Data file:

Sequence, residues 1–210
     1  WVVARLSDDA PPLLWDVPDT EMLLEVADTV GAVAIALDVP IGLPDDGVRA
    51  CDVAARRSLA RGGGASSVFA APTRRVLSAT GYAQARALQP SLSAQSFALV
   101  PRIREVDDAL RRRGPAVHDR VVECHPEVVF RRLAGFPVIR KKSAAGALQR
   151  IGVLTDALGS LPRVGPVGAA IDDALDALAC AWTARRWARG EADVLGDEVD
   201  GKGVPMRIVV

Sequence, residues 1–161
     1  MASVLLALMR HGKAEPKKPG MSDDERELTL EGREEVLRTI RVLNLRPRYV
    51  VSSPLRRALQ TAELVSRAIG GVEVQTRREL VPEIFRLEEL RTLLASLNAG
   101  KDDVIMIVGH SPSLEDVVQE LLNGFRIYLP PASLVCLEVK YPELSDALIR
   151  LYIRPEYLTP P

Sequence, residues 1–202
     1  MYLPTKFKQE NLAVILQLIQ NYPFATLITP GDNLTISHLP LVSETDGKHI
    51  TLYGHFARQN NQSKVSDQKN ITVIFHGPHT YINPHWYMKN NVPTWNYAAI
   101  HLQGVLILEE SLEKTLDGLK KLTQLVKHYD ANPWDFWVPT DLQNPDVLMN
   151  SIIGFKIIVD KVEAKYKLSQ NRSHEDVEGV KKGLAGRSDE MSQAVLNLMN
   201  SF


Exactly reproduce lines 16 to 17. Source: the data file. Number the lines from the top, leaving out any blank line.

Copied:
   151  SIIGFKIIVD KVEAKYKLSQ NRSHEDVEGV KKGLAGRSDE MSQAVLNLMN
   201  SF